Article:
Harold Varner III shot 81 in the final Sunday pairing at the PGA Championship with eventual winner Brooks Koepka and learned a valuable lesson in the process.
He’s good enough to win.
Not last Sunday, when the wind whipped and the magnitude of the moment took some getting used to, but down the road when Varner finds himself in a similar situation he believes he will be better for the struggle he endured.
It would be enough to break some players, making what felt like double bogey after double bogey in front of the New York gallery all while Koepka was trying to finish off his fourth major championship victory.
“The biggest thing (I learned) is I can compete with the best when they’re playing their best on the best golf courses. You can’t go any higher than that, besides winning,” Varner said.
“There’s only four (majors) a year and I was right there.”
Varner is still chasing his first PGA Tour victory but there he was, walking off the first green at Bethpage Black having sliced two strokes off Koepka’s lead with a birdie-bogey flip at No. 1. Koepka noticed, admitting he thought about how quickly his seven-stroke lead was down to five.
“I was like, man, I can win this thing. I knew I had to play unbelievable golf but I thought I had a really good chance to win. I wasn’t thinking about that the first three days,” Varner said.
Three holes later, Varner had plummeted down the leaderboard and he ultimately finished T36. It was, as a football coach once said about his quarterback who made five turnovers in a playoff game, a bad day to have a bad day.
Tee shots that on a softer day would have been playable bounced into the weeds. The greens were fast and he felt his fundamentals erode in the wind. One mistake led to another.
“It was the perfect storm for what happened,” Varner said.
Getting to the final group on Sunday was an achievement in itself. Varner’s game had been in a flat spot but he had told people around him that the results were coming.
He arrived at Bethpage early, playing practice rounds there the weekend before the PGA began. That’s not typically his way but it helped him feel ready. He has already changed how he will approach practice rounds at the Memorial Tournament next week, having seen the benefits of a more focused approach.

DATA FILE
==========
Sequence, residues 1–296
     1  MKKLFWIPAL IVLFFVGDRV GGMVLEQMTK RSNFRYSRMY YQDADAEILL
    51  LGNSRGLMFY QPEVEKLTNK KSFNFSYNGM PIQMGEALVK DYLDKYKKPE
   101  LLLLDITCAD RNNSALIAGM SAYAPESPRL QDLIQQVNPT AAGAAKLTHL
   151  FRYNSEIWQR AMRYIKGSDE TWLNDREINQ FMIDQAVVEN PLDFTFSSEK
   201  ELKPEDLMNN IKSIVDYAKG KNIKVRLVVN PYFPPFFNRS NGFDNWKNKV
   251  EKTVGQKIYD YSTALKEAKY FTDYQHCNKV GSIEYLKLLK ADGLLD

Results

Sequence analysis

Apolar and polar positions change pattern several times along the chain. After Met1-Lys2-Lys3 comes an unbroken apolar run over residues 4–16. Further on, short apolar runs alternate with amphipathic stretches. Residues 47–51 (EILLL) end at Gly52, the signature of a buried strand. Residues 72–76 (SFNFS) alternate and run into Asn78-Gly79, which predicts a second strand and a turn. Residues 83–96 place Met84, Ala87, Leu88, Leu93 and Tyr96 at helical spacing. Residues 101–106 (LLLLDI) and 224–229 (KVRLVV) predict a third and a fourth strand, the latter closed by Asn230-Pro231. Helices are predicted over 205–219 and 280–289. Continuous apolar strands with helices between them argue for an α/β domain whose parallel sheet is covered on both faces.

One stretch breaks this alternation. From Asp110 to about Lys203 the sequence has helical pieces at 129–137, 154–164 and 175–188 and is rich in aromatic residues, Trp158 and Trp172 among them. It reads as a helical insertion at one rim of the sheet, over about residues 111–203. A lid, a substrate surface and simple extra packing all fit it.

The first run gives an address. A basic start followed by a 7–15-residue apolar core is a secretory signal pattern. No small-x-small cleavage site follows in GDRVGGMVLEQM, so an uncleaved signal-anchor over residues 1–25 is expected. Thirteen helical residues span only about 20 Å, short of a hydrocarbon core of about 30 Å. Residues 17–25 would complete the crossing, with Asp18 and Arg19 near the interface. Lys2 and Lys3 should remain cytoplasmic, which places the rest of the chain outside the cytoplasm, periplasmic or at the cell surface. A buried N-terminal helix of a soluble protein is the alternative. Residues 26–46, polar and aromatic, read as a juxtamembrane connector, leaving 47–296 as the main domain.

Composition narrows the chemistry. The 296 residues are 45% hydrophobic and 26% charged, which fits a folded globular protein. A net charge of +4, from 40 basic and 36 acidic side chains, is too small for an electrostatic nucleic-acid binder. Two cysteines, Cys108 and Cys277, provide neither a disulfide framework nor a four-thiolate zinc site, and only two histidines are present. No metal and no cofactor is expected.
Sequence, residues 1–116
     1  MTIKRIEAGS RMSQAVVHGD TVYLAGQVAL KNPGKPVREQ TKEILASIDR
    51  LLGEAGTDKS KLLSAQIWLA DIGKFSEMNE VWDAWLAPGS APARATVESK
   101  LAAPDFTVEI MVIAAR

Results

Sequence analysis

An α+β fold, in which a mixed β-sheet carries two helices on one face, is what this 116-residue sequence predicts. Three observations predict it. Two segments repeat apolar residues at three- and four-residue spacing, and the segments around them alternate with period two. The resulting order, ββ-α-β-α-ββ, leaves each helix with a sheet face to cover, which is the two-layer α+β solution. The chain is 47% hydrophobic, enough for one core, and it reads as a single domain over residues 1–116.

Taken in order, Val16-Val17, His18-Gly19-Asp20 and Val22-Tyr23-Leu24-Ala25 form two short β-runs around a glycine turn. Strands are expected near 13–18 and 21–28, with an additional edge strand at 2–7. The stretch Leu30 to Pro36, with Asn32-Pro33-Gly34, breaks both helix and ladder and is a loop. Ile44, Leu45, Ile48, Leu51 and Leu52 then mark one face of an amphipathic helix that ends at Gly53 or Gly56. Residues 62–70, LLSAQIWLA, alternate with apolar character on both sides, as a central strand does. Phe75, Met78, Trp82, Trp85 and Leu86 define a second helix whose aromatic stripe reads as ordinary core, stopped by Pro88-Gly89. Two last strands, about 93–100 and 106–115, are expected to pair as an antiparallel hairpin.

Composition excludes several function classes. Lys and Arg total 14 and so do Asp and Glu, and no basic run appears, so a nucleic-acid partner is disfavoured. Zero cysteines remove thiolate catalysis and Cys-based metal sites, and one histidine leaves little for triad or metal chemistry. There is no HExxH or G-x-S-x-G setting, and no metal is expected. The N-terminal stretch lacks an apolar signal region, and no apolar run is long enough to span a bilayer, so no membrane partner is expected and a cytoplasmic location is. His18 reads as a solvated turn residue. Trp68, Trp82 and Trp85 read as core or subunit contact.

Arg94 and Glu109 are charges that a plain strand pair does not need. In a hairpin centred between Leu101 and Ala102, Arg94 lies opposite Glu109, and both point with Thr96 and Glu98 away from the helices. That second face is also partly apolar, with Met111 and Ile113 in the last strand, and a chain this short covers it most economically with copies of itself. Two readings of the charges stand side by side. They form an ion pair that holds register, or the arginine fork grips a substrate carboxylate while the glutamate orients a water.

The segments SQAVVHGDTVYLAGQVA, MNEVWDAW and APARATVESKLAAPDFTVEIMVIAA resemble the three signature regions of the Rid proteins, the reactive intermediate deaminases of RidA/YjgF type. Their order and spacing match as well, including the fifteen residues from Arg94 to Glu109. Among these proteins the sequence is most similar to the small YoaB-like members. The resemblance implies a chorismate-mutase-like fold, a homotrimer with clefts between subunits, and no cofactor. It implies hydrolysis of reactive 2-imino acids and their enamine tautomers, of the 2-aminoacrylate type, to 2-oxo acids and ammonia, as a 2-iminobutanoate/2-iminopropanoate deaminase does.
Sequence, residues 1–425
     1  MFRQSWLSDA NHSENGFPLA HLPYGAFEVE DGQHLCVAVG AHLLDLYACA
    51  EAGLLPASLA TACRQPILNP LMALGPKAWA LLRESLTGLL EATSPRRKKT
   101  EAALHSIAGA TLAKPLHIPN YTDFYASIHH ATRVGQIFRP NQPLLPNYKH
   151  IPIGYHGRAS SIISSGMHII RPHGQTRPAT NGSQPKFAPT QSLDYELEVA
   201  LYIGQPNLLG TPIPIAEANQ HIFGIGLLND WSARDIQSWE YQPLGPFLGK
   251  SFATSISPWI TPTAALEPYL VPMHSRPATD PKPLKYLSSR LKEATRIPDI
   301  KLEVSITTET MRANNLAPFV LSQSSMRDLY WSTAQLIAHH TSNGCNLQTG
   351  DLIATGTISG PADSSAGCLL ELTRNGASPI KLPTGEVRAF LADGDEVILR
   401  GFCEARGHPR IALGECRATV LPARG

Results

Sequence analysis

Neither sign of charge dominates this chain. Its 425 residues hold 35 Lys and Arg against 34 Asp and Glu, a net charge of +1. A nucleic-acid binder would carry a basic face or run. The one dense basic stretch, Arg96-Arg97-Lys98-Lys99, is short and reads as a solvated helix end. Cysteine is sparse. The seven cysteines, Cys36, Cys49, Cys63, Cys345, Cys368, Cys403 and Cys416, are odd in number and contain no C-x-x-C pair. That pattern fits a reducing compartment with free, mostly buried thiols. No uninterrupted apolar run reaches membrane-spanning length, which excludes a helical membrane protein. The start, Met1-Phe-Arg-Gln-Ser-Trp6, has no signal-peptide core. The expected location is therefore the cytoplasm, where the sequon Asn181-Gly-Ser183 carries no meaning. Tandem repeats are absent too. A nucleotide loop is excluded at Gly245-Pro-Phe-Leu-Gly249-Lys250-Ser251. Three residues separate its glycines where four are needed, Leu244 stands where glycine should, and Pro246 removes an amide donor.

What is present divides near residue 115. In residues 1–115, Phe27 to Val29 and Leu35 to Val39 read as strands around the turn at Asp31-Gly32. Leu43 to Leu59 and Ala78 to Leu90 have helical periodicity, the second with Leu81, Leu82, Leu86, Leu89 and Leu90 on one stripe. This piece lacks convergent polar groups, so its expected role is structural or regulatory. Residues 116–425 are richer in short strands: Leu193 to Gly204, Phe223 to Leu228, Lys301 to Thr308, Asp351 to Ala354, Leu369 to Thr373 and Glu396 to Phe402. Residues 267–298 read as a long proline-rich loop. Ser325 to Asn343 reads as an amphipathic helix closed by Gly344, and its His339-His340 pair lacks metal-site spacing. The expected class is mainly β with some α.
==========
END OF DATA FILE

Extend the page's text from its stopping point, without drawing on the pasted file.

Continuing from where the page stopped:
“It’s funny everyone asks about Brooks. People ask what I can take from that. That guy is focused on winning. It’s not that easy.” – Harold Varner III
Waiting for his 2:35 p.m. tee time Sunday, Varner felt the nerves kick in. He wished he’d stayed up later on Saturday night so he might have slept in later on Sunday.
“It was such a unique experience. I was so nervous and once I started playing, I wasn’t nervous. It was like the highest nervousness I’ve ever been. It was like a high. It was awesome,” Varner said.
“It’s pretty nice that I can tell what I felt at that moment. I wondered if I would black out to where I just didn’t know what was going on but I can remember what I was thinking which is really good.”
Varner said it felt as if there was a weight on every shot. No one else, not even his caddie, knows how he felt in the final round. Playing alongside Koepka as he won his fourth major in eight starts, Varner recalled a piece of advice he got from a friend.
“My best friend played professional baseball and he always told me winners focus on winning and losers focus on winners,” Varner said.
“It’s funny everyone asks about Brooks. People ask what I can take from that. That guy is focused on winning. It’s not that easy.”
It led Varner to ask his own question.
“What does it take for Harold to win?” he said.
Keep doing what he’s doing, Varner believes. Take the stinging lesson from Bethpage and build from it.
There’s a pattern, Varner said, to his career and what happened Sunday at Bethpage fits that pattern.
“My rookie year I’d have some Sundays where I would shoot 79. It’s just how I grow. It’s my journey. I’ve been here before, just at a smaller level. I just have to do it the way I did it the last time, keep plugging along, keep doing my job,” Varner said.
Harold Varner III says he learned at Bethpage Black that he “can compete with the best.” Photo: Jamie Squire, Getty Images
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